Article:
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Infect Immun. 2005 Aug;73(8):5065-73.

Conditional lethality yields a new vaccine strain of Listeria monocytogenes for the induction of cell-mediated immunity.

Author information

1
203C Johnson Pavilion, 3610 Hamilton Walk, Department of Microbiology, University of Pennsylvania School of Medicine, Philadelphia, PA 19104, USA.

Abstract

Listeria monocytogenes is a gram-positive intracellular pathogen that can enter phagocytic and nonphagocytic cells and colonize their cytosols. Taking advantage of this property to generate an intracellular vaccine delivery vector, we previously described a mutant strain of L. monocytogenes, Deltadal Deltadat, which is unable to synthesize cell wall by virtue of deletions in two genes (dal and dat) required for d-alanine synthesis. This highly attenuated strain induced long-lived protective systemic and mucosal immune responses in mice when administered in the transient presence of d-alanine. We have now increased the usefulness of this organism as a vaccine vector by use of an inducible complementation system that obviates the need for exogenous d-alanine administration. The strain expresses a copy of the Bacillus subtilis racemase gene under the control of a tightly regulated isopropyl-beta-d-thiogalactopyranoside (IPTG)-inducible promoter present on a multicopy plasmid. This bacterium demonstrates strict dose-dependent growth in the presence of IPTG. After removal of inducer, bacterial growth ceased within two replication cycles. Following infection of mice in the absence of IPTG or d-alanine, the bacterium survived in vivo for less than 3 days. Nevertheless, a single immunization elicited a state of long-lasting protective immunity against wild-type L. monocytogenes and induced a subset of effector listeriolysin O-specific CD11a(+) CD8(+) T cells in spleen and other tissues that was strongly enhanced after secondary immunization. This improved L. monocytogenes vector system may have potential use as a live vaccine against human immunodeficiency virus, other infectious diseases, and cancer.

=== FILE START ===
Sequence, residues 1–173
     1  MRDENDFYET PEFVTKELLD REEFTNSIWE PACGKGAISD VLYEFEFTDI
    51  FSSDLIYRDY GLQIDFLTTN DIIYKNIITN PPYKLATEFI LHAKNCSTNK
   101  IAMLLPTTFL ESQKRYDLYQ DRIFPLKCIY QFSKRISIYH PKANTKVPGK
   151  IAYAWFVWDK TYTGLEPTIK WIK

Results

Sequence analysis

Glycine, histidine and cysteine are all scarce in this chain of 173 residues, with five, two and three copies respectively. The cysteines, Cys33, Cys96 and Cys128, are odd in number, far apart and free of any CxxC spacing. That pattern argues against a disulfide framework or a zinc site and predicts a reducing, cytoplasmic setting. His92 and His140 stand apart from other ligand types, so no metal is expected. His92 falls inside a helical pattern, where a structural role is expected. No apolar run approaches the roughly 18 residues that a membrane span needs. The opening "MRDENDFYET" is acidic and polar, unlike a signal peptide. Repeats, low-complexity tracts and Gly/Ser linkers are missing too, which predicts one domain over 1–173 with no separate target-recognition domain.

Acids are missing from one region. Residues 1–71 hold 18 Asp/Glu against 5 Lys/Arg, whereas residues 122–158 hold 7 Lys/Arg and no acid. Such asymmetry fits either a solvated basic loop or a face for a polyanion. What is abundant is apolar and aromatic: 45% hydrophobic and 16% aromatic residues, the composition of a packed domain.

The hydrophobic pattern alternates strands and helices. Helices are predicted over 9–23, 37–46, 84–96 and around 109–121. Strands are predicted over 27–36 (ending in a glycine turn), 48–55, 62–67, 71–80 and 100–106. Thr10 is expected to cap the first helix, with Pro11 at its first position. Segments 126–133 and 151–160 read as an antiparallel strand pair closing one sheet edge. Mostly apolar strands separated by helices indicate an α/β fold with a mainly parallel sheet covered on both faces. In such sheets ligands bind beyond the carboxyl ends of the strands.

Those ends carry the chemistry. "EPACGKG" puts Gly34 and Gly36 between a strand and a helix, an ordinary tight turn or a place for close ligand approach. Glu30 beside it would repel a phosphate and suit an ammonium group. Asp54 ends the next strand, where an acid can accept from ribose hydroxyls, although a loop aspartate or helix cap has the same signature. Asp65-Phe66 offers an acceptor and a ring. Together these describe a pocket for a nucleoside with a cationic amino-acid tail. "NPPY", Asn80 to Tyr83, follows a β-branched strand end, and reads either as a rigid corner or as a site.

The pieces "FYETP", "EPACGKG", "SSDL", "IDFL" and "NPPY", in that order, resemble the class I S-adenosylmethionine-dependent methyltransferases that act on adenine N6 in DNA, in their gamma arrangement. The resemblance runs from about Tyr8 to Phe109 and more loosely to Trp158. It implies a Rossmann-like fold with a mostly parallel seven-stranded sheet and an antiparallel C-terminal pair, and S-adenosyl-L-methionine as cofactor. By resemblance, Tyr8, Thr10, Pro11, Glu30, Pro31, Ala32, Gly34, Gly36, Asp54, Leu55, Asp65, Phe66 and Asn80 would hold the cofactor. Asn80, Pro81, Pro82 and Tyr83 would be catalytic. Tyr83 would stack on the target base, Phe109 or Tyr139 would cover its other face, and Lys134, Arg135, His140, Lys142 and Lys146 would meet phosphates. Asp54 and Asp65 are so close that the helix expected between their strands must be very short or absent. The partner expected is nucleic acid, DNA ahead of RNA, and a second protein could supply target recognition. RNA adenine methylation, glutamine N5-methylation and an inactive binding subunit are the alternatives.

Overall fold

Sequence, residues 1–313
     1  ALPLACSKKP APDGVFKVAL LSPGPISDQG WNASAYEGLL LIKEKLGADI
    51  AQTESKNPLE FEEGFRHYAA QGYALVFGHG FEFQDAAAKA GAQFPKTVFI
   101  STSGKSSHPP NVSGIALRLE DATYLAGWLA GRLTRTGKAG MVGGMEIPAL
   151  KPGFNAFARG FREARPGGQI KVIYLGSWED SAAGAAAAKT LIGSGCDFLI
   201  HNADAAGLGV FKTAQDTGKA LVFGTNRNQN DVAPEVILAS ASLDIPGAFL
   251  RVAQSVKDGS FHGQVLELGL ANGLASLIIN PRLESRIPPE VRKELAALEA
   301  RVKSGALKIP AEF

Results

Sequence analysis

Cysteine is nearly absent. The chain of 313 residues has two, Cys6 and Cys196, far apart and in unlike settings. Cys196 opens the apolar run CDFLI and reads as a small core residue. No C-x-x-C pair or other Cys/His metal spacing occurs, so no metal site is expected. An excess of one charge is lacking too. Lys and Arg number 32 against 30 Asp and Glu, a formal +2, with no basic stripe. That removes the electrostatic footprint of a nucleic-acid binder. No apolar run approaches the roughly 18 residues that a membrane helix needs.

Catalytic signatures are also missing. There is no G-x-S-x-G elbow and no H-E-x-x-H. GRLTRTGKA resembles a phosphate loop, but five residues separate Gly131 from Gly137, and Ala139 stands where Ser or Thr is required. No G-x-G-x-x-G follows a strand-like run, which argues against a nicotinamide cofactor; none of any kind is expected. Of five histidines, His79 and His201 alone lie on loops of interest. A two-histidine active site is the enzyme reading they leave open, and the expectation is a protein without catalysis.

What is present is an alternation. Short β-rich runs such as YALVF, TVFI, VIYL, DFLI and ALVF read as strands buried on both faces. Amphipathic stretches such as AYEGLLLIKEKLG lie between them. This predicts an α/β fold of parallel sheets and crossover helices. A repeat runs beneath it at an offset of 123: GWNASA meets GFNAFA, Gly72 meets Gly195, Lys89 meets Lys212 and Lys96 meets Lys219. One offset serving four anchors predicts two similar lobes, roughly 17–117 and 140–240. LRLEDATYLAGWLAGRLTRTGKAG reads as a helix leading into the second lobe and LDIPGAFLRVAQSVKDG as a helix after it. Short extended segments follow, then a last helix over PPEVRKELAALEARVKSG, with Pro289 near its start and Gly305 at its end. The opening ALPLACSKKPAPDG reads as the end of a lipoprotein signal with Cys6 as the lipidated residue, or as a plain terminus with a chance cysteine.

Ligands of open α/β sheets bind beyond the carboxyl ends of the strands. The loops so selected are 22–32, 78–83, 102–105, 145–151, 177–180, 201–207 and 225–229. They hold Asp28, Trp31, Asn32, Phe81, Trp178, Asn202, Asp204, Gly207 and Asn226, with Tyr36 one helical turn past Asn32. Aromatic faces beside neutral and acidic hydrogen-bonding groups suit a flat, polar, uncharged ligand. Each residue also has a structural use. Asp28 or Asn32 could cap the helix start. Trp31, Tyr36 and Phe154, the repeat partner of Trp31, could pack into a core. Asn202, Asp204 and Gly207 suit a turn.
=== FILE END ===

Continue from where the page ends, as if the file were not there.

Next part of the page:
PMID:
16041022
PMCID:
PMC1201188
DOI:
10.1128/IAI.73.8.5065-5073.2005
[Indexed for MEDLINE]
Free PMC Article

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